Diane Ness

Increasing speed


By Diane Ness


After a good summer of training, players that prepared themselves properly should feel confident going into camp.  In the photo of Ryan McDonagh, you will notice him executing a stride. This photo was taken as a screen shot from videos. We took videos of Ryan at full and half speed during a summer practice. Notice the knee bend and extension in the photo. These attributes always seem to be the same while examining a skater with excellent speed.

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Engaging a skater’s legs


By Diane Ness


As I am finishing up my four-week stay in New Jersey, I got to pop in to one of the players’ workouts after a power skating session. It was great to see all the exercises and movements and how they are very specific to skating and hockey in general. Strength training has come such a long way and can be paired really well with effective on-ice training.

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The art of skating


By Diane Ness


When looking at what makes a good skater, sometimes attributes we see may be subjective. After all, if we sink a putt or make a basket, we get the immediate feedback of doing something correctly. How do we tell a good skater from a weak skater? We can do simple timing speed tests, but that just scratches the surface on how good a skater actually is. Is the skater efficient? Does the skater corner with speed? Is the skater agile? Does the skater have good balance and is strong on their skates? When evaluating any skating skill, whether it be forward crossovers, quick starts or backwards skating, there will always be four main key components to every skill. For each skating skill to be proficient all of these skills must be present and executed properly, so let’s look at all four.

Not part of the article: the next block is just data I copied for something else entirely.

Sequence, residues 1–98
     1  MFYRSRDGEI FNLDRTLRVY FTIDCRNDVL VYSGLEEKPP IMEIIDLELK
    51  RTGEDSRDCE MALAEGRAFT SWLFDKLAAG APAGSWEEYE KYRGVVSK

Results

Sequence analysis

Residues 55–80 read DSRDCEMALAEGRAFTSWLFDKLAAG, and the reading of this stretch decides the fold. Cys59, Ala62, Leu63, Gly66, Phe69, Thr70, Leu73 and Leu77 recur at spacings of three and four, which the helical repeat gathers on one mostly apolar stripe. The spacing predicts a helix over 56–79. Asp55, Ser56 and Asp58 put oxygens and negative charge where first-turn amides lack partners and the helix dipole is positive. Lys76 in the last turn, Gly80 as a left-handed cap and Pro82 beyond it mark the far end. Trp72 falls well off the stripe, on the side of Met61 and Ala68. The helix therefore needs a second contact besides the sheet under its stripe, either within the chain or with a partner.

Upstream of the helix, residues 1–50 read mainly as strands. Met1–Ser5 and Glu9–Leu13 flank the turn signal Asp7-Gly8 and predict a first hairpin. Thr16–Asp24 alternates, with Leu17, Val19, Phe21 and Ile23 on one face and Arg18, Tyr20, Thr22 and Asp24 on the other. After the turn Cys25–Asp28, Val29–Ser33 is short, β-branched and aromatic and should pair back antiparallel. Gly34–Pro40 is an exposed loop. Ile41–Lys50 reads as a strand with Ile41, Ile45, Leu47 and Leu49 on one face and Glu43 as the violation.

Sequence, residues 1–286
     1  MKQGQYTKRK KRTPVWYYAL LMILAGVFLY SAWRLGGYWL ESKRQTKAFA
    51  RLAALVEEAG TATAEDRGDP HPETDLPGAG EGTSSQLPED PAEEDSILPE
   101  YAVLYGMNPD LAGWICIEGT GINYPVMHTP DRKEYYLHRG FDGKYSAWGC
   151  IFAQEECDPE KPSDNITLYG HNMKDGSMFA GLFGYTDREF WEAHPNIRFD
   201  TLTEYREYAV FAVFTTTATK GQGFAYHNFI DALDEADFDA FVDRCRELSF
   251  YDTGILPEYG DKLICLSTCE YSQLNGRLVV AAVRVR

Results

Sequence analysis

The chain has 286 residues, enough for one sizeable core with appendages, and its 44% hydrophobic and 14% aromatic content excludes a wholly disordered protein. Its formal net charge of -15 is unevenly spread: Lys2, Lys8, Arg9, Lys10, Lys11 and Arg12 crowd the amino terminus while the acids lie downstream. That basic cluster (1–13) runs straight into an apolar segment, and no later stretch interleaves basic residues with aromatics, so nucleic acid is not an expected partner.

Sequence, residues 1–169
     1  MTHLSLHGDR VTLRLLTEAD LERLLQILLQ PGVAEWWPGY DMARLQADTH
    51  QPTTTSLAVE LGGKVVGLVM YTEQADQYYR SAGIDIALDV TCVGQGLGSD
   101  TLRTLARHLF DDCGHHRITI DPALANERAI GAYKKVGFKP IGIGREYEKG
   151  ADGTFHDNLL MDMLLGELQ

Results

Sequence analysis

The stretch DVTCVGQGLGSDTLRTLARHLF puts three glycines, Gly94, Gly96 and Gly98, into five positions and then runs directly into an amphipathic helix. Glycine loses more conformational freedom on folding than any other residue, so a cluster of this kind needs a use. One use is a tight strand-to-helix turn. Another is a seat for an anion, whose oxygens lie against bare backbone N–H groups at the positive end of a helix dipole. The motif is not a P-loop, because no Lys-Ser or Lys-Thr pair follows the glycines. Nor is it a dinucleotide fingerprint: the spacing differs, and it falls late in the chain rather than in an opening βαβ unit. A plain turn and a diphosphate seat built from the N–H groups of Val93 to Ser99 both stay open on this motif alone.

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Finding the right pair of skates


By Diane Ness


As hockey camps are in full swing, I have seen many younger skaters who are in need of a different pair of skates. Buying the proper fitting skate for every skater is essential.

When trying to buy skates, fit, type of skate, stiffness of a boot and sharpening are some things to consider. This is the most important piece of equipment a skater can have. Parents may be able to cut costs on some other equipment, but make sure to invest in a good pair of skates. There are so many choices out there so here are some things to consider.

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Practice makes permanent


By Diane Ness


In skating, one of the main areas of concern is getting every skater’s center of gravity lower to the ice. This means getting your knees bent, your ankles flexed and your butt down. This does not come with a few repetitions of  drills, but rather with countless hours of an actual concentrated effort.  

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